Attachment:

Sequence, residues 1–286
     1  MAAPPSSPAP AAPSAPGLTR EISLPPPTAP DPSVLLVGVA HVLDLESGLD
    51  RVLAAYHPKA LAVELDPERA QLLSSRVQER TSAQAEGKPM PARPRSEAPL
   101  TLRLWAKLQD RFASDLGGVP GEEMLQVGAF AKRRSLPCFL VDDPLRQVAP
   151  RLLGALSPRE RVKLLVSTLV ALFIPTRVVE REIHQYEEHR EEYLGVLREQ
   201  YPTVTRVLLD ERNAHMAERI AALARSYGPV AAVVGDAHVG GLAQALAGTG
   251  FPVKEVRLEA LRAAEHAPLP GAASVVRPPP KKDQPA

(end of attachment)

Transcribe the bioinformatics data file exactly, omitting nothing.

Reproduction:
Sequence, residues 1–286
     1  MAAPPSSPAP AAPSAPGLTR EISLPPPTAP DPSVLLVGVA HVLDLESGLD
    51  RVLAAYHPKA LAVELDPERA QLLSSRVQER TSAQAEGKPM PARPRSEAPL
   101  TLRLWAKLQD RFASDLGGVP GEEMLQVGAF AKRRSLPCFL VDDPLRQVAP
   151  RLLGALSPRE RVKLLVSTLV ALFIPTRVVE REIHQYEEHR EEYLGVLREQ
   201  YPTVTRVLLD ERNAHMAERI AALARSYGPV AAVVGDAHVG GLAQALAGTG
   251  FPVKEVRLEA LRAAEHAPLP GAASVVRPPP KKDQPA